Three aqueous glucose solutions were studied at 280 K with glucose to water ratios of 1:11, 1:20, and 1:55. Two Lorentzians were used to fit the spectra ( Figure 1 ), although the rotation component was generally too broad to be accurately fit in the given energy window. The effect of concentration on the glucose translational motion is evident. The narrow Lorentzian reduces in width with increasing glucose concentration as the diffusive motion slows. The FWHM for the two highest concentrations was found to follow the random jump diffusion model ( Figure 2 ) while the lowest concentration manifested the characteristics of continuous diffusion: r = DQ². As the concentration of the glucose increases, the diffusion rates decrease by almost a factor of 6 from 25.1 ± 0.2 x 10-7 cm 2/s for the 1:55 ratio solution to 4.5 ± 0.1 x10-7 cm 2/s for the 1:11 solution.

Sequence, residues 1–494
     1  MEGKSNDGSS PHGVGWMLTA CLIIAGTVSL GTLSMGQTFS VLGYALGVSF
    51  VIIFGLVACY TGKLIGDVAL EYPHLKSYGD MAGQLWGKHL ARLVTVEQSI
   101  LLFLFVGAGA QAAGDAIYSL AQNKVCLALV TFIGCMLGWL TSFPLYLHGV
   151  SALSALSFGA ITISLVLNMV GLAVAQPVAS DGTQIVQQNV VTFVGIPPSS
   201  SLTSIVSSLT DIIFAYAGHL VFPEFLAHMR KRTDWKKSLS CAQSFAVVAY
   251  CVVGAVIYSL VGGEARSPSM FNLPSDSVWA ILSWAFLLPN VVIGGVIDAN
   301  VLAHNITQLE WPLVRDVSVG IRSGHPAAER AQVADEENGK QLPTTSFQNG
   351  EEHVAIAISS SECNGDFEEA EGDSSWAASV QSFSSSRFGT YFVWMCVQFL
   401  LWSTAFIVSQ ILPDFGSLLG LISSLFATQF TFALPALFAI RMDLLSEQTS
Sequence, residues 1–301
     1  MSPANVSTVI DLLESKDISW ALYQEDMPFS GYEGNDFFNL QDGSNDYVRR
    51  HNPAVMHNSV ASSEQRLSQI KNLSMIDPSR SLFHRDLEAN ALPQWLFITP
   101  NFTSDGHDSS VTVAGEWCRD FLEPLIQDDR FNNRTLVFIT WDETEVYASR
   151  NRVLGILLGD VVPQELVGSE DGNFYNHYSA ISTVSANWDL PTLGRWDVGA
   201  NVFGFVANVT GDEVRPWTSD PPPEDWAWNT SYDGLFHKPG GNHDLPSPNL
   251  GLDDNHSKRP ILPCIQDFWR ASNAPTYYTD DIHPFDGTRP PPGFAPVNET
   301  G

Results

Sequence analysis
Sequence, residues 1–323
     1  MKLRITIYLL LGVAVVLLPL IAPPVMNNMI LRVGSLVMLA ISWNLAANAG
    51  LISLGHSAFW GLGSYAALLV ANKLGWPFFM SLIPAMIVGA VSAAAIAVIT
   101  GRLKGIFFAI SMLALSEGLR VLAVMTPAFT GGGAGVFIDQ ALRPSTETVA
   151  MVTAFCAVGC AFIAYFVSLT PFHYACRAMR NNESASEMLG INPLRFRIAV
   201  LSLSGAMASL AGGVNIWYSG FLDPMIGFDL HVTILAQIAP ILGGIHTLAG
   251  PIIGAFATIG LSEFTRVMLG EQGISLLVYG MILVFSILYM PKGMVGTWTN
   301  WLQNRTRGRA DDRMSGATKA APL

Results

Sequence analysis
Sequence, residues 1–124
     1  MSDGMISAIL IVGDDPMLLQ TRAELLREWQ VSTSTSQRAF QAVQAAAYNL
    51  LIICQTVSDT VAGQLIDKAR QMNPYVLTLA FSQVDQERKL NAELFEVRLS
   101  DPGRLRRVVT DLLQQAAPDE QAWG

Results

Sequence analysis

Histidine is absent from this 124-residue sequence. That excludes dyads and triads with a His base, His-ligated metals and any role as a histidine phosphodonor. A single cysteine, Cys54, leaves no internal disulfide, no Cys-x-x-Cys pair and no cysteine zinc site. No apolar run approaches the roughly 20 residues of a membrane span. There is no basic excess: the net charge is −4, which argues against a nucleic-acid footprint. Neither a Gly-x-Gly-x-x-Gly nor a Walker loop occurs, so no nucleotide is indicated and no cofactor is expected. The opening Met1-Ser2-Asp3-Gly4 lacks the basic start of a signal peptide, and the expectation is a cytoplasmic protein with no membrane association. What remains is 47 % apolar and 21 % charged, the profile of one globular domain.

The larger energy window and energy resolution ( = 110 μe V ) available on DCS permitted the examination of the water dynamics in aqueous glucose solution to the exclusion of the glucose dynamics. The slower dynamics of the glucose as observed on HFBS results in the signal primarily contributing to an elastic peak on DCS. To further minimize the incoherent contribution from the glucose, the unexchangeable hydrogen atoms on the molecule were replaced by deuterium atoms. Again three different aqueous glucose solutions were studied with the same ratios as on HFBS. In addition to the fully deuterated glucose, glucose deuterated only at the C6 carbon atom ( d 6 6 g l u) and deuterated glucose with a methoxy group at the C2 carbon atom ( m g l u ) were studied at the various concentrations. The full width at half maximum of the narrow Lorentzian from the fit, corresponding to the translational motion of the water molecules, had a Q2 dependence typical of the random jump diffusion model ( Figure 3 ).